Kottnauer shortly thereafter came to England where he eventually made a successful career as an executive with Trust House Forte’s hotel group; he has also helped with the BBC overseas service Czech-language broadcasts. He lives in West Central London with his wife and their son.
The following is undoubtedly Kottnauer’s most famous win.
and here we have the same game analysed by Tryfon Gavriel :
From British Chess Magazine, Volume CXVI (116, 1996), Number 4 (April), pp 202-203 we have this obituary by Bernard Cafferty :
Čeněk Kottnauer, the Czech/British IM, and the first chess defector died in St. Margaret’s Hospital, London, on 14th February after heart trouble and abdominal cancer.
A giant of a man, a fine athlete and swimmer, he was born on 24th February 1910 and came to prominence in the 1942 tournament in Prague in which Alekhine took part. He extended the great man to 70 moves before resigning. His wins against Kotov and Smyslov in the Moscow-Prague match of 1946 and his 13th place in the great Groningen tournament of the same year confirmed his status, as did his excellent showing for Czechoslovakia in the 1952 Olympiad at Helsinki (+10=5-0 on fourth board). He also took part in the 1947 Chigorin Memorial in Moscow, and won a tournament at Lucerne in early 1953, the same year in which he emigrated to Britain.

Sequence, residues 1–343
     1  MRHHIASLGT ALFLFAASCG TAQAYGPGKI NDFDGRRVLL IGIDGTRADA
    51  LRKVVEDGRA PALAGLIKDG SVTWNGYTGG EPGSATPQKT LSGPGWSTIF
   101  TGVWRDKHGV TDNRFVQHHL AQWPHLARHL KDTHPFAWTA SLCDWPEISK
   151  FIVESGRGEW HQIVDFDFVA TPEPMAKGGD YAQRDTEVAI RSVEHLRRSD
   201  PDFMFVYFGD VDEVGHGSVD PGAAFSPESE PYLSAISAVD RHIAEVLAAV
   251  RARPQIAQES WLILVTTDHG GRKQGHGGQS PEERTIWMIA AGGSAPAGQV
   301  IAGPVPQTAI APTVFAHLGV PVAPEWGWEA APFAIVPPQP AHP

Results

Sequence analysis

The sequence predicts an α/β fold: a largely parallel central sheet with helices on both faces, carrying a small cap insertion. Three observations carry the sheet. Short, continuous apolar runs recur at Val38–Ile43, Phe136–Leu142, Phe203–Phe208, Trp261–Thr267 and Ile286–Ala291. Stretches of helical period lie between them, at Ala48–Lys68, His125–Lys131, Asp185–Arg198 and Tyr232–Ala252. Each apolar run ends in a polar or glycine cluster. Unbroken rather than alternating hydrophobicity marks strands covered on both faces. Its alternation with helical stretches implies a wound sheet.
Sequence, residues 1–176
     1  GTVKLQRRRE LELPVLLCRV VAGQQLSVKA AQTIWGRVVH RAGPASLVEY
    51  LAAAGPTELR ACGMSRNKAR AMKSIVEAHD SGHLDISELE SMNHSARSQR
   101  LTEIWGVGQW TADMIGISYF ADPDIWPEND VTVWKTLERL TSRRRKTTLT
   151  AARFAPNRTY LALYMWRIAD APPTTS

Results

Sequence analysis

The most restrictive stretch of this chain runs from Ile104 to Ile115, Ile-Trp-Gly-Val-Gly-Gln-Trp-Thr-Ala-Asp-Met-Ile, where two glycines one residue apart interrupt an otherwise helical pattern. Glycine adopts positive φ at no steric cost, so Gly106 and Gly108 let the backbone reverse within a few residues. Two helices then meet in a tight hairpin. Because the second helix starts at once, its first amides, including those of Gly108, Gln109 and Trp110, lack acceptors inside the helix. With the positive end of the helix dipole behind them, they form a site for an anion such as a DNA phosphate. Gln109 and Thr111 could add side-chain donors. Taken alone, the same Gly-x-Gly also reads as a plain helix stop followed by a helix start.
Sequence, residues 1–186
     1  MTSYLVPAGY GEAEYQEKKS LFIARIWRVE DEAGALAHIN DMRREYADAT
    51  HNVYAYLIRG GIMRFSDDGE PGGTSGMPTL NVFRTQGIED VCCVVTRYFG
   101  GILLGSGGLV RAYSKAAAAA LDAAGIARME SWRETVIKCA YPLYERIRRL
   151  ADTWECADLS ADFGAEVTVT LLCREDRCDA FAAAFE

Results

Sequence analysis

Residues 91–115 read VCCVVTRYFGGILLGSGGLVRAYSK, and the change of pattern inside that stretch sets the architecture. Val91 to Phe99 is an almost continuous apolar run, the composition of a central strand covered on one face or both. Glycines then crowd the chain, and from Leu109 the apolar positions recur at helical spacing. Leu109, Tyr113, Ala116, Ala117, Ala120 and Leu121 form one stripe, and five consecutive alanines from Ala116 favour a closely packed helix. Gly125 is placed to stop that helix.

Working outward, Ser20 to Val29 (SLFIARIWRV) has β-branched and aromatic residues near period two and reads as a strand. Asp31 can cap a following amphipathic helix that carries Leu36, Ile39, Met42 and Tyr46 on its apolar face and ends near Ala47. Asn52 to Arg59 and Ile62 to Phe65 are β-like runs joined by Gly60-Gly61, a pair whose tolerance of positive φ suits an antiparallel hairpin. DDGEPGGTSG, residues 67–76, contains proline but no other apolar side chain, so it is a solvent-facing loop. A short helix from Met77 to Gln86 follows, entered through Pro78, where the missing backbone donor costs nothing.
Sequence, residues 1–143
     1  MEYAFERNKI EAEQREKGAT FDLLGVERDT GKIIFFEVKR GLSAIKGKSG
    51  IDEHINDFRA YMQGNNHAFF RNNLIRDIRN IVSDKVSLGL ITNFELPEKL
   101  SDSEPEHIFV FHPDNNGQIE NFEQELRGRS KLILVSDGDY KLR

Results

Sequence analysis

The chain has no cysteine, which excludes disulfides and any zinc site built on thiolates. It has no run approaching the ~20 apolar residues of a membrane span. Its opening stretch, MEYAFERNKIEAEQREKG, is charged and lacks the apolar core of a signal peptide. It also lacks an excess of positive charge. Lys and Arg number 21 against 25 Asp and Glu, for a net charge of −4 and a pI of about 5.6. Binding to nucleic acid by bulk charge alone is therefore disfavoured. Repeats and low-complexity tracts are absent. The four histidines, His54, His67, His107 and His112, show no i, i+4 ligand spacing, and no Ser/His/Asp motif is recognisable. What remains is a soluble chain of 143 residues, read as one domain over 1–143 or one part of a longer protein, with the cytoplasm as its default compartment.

On this form he would have gained the GM title had he continued playing, but he had to take a full-time job (with Trusthouse Forte) to support his family.
Čeněk had met his much younger wife in Austria, though she too was Czech. They had a son. The master’s appearences were therefore limited to London League matches and other sporadic events. That he had lost none of his skill was shown when he played top board for England at the 1964 Tel-Aviv Olympiad (Penrose was not available) and made +8=7-3. His only other big event was the Lugano Olympiad of 1968 when he was on second board and made +3=5-4.
Čeněk (pronounced CHEnek) Kottnauer was one of the early professionals in the German Bundesliga; on a visit to his Bayswater flat in 1995 by Murray Chandler and myself, Čeněk told us about the great transport difficulties he had in those days. He mentioned that he had recently had a heart bypass operation and showed us the medication he had to take on a regular basis, opining that after Golombek and Milner-Barry he would be the next to go.
Čeněk was involved in junior coaching in London for many years, wrote extensively for the Dutch and German press and in recent years was a regular visitor to the Lloyds Bank Masters to see old friends and acquaintances. Amongst those he coached were Julian Hodgson, William Watson and Dharshan Kumaran, as well as Stuart Conquest.
In Stuart’s case he came regularly to Hastings to do the coaching which was financed by the Slater Foundation and by Lloyds Bank.
The fruit of his effort was Stuart’s 1981 World U-16 title in Argentina, where Čeněk’s great physical strength came in handy when the huge trophy had to be carried back to Britain.
All his pupils and friends will attest to his wonderful manner. A great personality has left us.”